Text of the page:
The verdict: Martha’s personal guilty pleasure, reads the beautifully designed brochure, is “a spoon of sweetened condensed milk straight from the can,” which put me at ease, as that is my guilty pleasure as well, even if I’m more the inhale-the-entire-can type. My diastolics and systolics shot up, however, upon opening the bag for M’s crispy pecan-crusted salmon with roasted broccoli and sweet potato fries. Over the next 40 minutes, by which I mean an hour, I happily zested a lemon, had an uncomfortable encounter with a few dill fronds and wondered aloud just how much oil is in a drizzle. My salmon was buttery perfection, my broccoli caramelized, my fries as limp as zoodles. Such was not the case with the cottage fries I carefully boiled till soft for another meal, later crisping them in a skillet. Those little rounds were things of beauty, as was the accompanying sirloin steak, blushing pink from all the loving attention. Which brings us to the aforementioned nasi goreng and its comparatively frightening slate of 16 ingredients. Scanning the recipe, I got exhausted just reading the verbs (e.g., fluff, trim, scrub, peel, trim again, coarsely chop, scramble), but eventually achieved a flavorful pile of the most labor-intensive fried rice I’d ever attempted, which is something.


Slogan: Meals that are good for you, good for the planet

Price per serving: $9.99-$11.99


The pitch: This Boston-based service launched in 2014 offering meals for vegetarians and those interested in dipping a toe into the vegan butter. Recipes were originally created by food guru Mark Bittman, author of “How to Cook Everything Vegetarian,” who was briefly on staff. In addition to a selection of eight or so dinners each week, Purple Carrot also offers breakfasts (beet pancakes, matcha oatmeal), lunches (grilled cheese and fig sandwiches) and plant-based snacks.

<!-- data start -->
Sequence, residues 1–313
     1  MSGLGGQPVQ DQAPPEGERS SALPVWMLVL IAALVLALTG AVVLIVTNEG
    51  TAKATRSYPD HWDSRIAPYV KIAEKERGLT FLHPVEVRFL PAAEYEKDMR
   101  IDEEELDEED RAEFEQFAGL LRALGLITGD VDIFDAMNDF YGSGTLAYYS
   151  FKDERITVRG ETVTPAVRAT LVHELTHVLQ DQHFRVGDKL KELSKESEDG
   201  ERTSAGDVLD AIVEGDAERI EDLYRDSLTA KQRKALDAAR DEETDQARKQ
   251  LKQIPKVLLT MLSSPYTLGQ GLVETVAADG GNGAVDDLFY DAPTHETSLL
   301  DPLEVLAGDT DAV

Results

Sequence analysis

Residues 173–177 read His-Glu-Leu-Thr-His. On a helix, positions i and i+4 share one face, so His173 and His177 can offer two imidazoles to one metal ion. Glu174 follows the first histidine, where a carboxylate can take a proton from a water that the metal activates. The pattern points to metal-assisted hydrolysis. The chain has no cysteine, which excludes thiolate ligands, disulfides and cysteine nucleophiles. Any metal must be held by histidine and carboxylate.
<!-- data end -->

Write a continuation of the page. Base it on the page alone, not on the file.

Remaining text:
The verdict: If there’s anyone out there with a knee-jerk prejudice against veggie entrees (besides me, I mean), prepare yourself to be — well, if not amazed, then pleasantly impressed by Purple Carrot’s creative selection of entrees, all of which I found both tasty and fortifying. The surprising thing about a dish of Japanese gnocchi — other than there actually being such a thing as Japanese gnocchi — was the complexity of flavor one can create from a smoky blend of nori spice and a sauce of tomato-flavored vegan butter tarted up with white miso. I usually have an instant aversion as well to anyone with the temerity to roast thick slices of cauliflower and call them “steaks,” and I’ll bet that whoever is behind PC’s version, they’ve dealt with such skeptics in the past. Though nothing to grab the Worcestershire over, their tahini cauliflower, uh, steaks with red lentil skordalia and pan-roasted green beans was another hit, the purée of potatoes and red lentils offering a soft bed for the paprika-doused vegetables. Soy-free Vegenaise instead of mayo was a bridge too far for me with the last dish, a veggie bowl of sweet potatoes rolled in red chili paste and accompanied by midnight grains. Yeah, I was confused, too. Then again, how else would you describe a side dish of black rice, black quinoa and black lentils?